The following visualization, Figure 2, utilizes the same calculations from the prior data, but it’s limited to just the top 24 RBs projected to be draft per FFC (Saquon Barkley through Sony Michel). Adjusting our dataset to just these top 24 RBs provides a better idea of how starting (assuming two starting RBs per team in a 12-team league) RBs compare against one another in terms of fantasy scoring and volatility. First, the average PPG jumped from 13.5 in the Figure 1 dataset to 16.5 in Figure 2 — a 22.7% spike while average CV fell by 15.7%, from 63.7% to 53.7%. Simply put, limiting our data set corroborated what we anticipated: RBs drafted earlier generally score more and maintain fewer weekly fluctuations. Second, however, our quadrants have now shifted with formerly LRHR players now becoming LRLR (e.g., Chris Carson) or even HRLR (e.g., Dalvin Cook).

Figure 2 reveals that among the top 24 backs, there are only a handful of foundational RBs, with the likes of Mixon, Chubb, Johnson, and many others shifting left to the “low reward” quadrants. Specifically, our illustration reveals that only eight of the top 24 RBs – or 33.3% – are LRHR players. This group shrinks even further if we remove Melvin Gordon and Ezekiel Elliott, who are still holding out of training camp for new contracts and present increased off-the-field risks.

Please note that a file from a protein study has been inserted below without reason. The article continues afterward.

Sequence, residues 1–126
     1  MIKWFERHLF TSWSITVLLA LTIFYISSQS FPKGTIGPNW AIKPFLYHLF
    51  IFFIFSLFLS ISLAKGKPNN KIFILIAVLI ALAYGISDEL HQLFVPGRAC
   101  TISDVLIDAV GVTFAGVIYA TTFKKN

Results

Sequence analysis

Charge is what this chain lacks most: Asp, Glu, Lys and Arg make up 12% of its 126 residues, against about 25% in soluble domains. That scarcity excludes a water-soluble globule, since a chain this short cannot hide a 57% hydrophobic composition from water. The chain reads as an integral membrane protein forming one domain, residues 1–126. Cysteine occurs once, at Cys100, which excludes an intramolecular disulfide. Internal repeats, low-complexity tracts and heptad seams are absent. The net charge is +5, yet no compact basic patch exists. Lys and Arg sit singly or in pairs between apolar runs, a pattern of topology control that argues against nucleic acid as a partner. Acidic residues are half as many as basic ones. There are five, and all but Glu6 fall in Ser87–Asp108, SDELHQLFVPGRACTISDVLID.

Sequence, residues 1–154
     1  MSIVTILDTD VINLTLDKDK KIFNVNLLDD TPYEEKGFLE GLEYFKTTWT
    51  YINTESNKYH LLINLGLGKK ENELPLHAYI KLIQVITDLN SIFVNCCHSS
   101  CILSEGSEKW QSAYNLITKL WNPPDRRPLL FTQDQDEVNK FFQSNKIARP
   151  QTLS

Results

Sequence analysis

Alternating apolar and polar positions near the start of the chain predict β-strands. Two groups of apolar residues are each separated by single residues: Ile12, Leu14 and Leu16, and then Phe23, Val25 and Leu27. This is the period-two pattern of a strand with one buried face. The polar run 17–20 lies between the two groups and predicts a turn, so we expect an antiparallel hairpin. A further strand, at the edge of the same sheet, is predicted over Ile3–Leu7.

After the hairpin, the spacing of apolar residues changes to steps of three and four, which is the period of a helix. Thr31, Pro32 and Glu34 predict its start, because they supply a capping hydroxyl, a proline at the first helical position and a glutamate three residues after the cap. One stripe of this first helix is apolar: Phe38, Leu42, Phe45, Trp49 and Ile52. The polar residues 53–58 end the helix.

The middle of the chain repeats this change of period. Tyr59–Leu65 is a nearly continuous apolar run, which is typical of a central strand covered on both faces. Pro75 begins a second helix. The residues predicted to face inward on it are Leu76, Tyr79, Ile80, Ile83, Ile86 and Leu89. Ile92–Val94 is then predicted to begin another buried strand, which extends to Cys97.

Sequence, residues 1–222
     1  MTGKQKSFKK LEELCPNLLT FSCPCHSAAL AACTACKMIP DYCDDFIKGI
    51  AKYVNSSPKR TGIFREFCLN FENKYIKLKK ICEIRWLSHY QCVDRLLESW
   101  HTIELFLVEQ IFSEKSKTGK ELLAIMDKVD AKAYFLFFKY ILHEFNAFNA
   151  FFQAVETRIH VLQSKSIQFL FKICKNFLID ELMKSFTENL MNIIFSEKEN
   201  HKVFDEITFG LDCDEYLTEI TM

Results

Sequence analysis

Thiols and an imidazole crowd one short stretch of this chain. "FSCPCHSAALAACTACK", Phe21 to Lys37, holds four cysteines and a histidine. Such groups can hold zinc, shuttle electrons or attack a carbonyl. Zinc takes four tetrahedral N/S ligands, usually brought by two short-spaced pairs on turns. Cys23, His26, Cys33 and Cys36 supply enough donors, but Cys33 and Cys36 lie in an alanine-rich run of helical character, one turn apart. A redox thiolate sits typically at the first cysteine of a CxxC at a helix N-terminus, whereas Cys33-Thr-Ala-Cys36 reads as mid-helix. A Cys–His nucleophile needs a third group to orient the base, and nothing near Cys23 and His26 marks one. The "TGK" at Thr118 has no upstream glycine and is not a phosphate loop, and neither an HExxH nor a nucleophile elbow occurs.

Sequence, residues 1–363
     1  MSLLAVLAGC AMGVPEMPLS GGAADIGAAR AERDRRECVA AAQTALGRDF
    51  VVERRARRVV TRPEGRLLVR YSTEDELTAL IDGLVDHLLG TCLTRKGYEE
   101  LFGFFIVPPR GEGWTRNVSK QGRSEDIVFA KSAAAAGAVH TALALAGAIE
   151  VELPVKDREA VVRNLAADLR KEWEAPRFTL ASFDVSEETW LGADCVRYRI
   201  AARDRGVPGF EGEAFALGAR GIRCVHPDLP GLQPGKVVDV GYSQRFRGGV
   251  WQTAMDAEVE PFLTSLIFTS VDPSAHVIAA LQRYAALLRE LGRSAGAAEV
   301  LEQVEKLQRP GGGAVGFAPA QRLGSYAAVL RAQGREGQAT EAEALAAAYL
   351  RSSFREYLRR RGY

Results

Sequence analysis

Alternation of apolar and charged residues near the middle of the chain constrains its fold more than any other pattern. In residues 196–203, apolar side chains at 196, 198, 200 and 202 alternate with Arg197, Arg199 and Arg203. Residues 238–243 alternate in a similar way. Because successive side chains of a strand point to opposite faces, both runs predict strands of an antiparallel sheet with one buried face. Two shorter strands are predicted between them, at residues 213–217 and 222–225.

These data allow us to easily evaluate fantasy opportunity, however it omits the associated costs. Utilizing FFC’s ADP data in consideration with the above illustrations strengthens our ability to determine players to target or avoid.

Players to target

Todd Gurley, Los Angeles Rams

(24.4 PPG, 7.9 SD, 32.3% CV)

Gurley must be on this list for me. He was the highest-scoring RB on a per-game basis last season and the most consistent. On the low end, based on his weekly averages, he would net 16.5 PPG, which is the average across the top 24 RBs in this sample. His production is absolutely bonkers, and the knee injury hysteria is curbing his ADP to very appealing levels. Going at 2.03 in 12-team leagues for a player that presents this much upside is unparalleled. I’m grabbing him in the second round in virtually all my leagues with little hesitation.

Damien Williams, Kansas City Chiefs

(17.1 PPG, 8.7 SD, 50.7% CV)

Williams is a hot topic throughout the fantasy football community. Many analysts call him a mediocre talent, while others suggest that he’s quite talented — not elite, but good. He was kicked off his college team at Oklahoma due to allegedly failing several drug tests, went undrafted, and spent multiplate seasons residing in former Dolphins head coach Adam Gase’s RB purgatory. Following Jay Ajayi’s 2017 trade to the Eagles and before getting injured, Williams was the starter above Kenyan Drake. A year later, following the Kareem Hunt release, Williams shined as the Chiefs’ feature back in the final few games and into the playoffs. He presents monstrous upside in the offense with an ADP of just 3.01 – or RB13.